Perhaps you are an accidental programmer. You are the person at your organization who was in charge of some laborious business process and you thought "Gee, we have this InfoPath thing. Maybe I can build a little form for this?". You build the form...and suddenly everyone wants to know if you can do this or if you can do that. You run into a couple of the things that InfoPath doesn't do out of the box, and you see some code samples hanging around....
Next thing you know, you're writing managed code. Or at least copying and pasting managed code and trying to get it to work for your form.
With InfoPath 2007 came VSTA (Visual Studio Tools for Applications). This can be an incredible boon to the accidental programmer, because you can leverage the rich debugging experience of Visual Studio to find your code issues and errors. If you are trying to adapt someone else's code sample for your form, or follow a tutuorial that just isn't working for you, one of the first things you can do is run the project in debug mode.
For the purposes of this simple sample, I've added a loading event to my form.
VSTA opens with the event added:
I've written a little code to set a field's value:
Now, I'm going to add a breakpoint. Click in the margin of the code editor window by the line you want to stop at, and you'll see a big burgundy dot in the margin, as well as a highlight on the line:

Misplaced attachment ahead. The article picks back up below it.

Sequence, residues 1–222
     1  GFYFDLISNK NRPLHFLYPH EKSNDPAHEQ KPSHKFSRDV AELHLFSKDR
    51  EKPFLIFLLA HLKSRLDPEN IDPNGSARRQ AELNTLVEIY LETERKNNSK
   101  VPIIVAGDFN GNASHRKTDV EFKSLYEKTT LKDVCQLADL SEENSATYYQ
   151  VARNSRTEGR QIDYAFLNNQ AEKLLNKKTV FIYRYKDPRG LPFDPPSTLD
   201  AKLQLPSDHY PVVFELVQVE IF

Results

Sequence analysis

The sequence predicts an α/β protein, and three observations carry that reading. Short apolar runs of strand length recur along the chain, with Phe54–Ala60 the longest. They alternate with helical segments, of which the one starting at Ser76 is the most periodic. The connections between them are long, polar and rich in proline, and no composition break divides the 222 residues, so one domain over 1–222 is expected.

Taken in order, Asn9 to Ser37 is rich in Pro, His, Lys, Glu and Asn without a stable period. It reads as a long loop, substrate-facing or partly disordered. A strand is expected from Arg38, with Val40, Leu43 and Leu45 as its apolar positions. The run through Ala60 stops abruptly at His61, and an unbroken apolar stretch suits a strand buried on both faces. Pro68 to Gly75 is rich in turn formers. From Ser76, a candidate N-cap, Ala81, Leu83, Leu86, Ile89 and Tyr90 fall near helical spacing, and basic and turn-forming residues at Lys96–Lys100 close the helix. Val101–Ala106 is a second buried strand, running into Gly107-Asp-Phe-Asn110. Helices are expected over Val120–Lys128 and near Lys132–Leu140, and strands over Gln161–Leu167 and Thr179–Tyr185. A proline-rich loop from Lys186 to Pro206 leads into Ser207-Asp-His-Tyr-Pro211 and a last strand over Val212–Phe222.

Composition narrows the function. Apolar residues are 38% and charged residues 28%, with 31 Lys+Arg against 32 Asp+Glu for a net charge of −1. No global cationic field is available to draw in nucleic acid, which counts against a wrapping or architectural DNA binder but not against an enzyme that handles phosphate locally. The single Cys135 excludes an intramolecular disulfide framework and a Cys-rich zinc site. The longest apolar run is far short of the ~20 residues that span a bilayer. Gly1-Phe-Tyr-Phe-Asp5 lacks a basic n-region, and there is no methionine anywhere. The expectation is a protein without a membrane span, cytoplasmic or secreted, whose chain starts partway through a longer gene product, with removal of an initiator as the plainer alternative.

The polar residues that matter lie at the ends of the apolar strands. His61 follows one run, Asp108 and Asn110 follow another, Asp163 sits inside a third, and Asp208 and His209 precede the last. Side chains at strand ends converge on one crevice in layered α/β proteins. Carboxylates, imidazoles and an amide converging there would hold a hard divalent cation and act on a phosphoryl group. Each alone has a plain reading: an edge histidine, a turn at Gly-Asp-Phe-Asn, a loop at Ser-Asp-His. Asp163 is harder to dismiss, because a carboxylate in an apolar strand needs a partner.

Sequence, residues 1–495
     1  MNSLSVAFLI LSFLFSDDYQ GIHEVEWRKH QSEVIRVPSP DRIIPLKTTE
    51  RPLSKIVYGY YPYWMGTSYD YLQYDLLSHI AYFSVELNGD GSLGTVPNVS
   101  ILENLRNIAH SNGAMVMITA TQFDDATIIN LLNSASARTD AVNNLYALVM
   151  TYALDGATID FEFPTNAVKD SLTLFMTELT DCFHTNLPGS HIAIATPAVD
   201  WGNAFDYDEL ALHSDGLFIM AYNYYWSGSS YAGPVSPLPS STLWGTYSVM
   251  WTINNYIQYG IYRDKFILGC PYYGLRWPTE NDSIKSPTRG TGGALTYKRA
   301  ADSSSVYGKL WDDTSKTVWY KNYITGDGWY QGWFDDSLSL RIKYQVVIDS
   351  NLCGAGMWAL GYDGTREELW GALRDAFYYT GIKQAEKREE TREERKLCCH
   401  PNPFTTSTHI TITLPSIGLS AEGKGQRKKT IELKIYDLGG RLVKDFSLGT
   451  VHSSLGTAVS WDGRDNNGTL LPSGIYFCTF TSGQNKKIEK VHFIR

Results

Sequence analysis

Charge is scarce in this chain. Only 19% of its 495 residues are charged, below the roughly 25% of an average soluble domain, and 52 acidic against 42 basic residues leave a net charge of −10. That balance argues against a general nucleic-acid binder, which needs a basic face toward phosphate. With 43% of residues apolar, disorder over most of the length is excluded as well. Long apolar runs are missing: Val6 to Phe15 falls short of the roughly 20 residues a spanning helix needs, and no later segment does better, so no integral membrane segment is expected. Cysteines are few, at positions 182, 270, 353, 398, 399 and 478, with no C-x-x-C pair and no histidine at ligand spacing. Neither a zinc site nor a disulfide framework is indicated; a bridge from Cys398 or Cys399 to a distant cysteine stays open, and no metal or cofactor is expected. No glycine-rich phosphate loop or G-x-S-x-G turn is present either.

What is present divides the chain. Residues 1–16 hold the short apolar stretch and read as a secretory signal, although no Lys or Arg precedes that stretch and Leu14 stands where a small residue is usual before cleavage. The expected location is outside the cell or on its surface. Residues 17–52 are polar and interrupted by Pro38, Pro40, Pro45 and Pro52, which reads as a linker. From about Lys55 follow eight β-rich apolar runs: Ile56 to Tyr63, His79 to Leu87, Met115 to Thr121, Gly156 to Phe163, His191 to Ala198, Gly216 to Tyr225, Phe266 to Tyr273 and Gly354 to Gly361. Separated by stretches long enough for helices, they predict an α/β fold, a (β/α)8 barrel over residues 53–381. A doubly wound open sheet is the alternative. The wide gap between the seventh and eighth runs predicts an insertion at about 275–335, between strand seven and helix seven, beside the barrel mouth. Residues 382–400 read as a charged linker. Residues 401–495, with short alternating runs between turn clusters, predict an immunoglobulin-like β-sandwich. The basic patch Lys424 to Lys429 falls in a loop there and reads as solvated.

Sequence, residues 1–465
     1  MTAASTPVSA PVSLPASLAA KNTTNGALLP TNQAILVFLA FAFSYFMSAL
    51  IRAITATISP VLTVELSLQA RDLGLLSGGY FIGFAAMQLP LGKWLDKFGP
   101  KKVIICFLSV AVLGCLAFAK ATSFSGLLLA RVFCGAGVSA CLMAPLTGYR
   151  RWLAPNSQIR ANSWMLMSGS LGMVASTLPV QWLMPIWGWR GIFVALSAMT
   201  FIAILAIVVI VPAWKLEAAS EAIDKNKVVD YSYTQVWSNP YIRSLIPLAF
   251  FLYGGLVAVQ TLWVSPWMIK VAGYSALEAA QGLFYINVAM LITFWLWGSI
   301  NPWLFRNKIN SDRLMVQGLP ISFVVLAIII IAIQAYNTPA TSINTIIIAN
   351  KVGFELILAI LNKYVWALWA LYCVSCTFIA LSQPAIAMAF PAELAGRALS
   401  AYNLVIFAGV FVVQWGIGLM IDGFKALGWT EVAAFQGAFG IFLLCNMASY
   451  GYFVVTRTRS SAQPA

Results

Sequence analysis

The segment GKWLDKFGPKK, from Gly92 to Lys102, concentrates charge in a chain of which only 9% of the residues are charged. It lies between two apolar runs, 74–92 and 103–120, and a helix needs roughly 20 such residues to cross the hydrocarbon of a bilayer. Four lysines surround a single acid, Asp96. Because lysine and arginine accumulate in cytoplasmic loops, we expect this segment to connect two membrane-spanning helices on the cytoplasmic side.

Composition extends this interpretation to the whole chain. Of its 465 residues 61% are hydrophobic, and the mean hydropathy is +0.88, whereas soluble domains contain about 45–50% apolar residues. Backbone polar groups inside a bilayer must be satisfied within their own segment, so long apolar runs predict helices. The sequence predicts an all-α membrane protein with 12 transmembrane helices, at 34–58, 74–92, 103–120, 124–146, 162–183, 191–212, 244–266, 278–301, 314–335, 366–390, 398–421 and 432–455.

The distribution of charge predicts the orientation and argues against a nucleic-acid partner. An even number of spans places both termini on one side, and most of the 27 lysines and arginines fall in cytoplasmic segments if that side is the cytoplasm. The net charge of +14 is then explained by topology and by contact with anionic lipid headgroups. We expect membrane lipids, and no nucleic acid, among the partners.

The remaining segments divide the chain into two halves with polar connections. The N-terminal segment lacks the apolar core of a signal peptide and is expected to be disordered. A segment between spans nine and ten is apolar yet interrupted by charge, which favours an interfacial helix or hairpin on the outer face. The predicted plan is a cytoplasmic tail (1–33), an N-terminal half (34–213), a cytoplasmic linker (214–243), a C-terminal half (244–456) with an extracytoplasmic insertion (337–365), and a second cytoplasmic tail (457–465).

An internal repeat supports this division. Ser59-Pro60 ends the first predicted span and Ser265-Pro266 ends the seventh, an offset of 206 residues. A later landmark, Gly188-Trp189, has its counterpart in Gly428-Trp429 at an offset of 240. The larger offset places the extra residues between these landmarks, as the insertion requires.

We need to run the form from VSTA, so click the toolbar button that looks like an old school tape player's Play button (also under the Debug menu, Start Debugging):
When the form hits that line of code, you'll see it hightlighted:
And now we can have a little fun. Use the Step Over button to go to the next line:
And hover your mouse over the variable that you just set to see what value it has. You can also right click the variable and either Add Watch or Quick Watch to see its values:
Let's see what happens if I have the XPath wrong in my code (a frequent cause of errors -- I'd really have thought that the IP 2007 Copy XPath feature would have prevented those, but we all love our copy / paste too much when it comes to code....):
Not too surprisingly, my XPathNavigator is null, and look what happens when I try to set its value:
Everyone's favorite, the NullReferenceException! But now I at least know the source of my troubles -- that the XPathNavigator I'd created was null. I can focus on the line that is the problem, make adjustments and run my code again.
Setting breakpoints and walking through your code while it runs will not only help you find and understand errors, it will help you understand just what the code is doing in the first place. If you are an accidental programmer, watching your code run can help you learn the syntax and logic of the code sample you've found someplace online, and help you see what you need to do to get that sample to work with your unique form. Happy Debugging!